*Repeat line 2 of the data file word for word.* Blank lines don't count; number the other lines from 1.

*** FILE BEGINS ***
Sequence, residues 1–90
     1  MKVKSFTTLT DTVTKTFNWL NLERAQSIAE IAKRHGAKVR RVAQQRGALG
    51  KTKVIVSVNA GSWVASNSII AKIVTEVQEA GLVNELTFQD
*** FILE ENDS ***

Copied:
     1  MKVKSFTTLT DTVTKTFNWL NLERAQSIAE IAKRHGAKVR RVAQQRGALG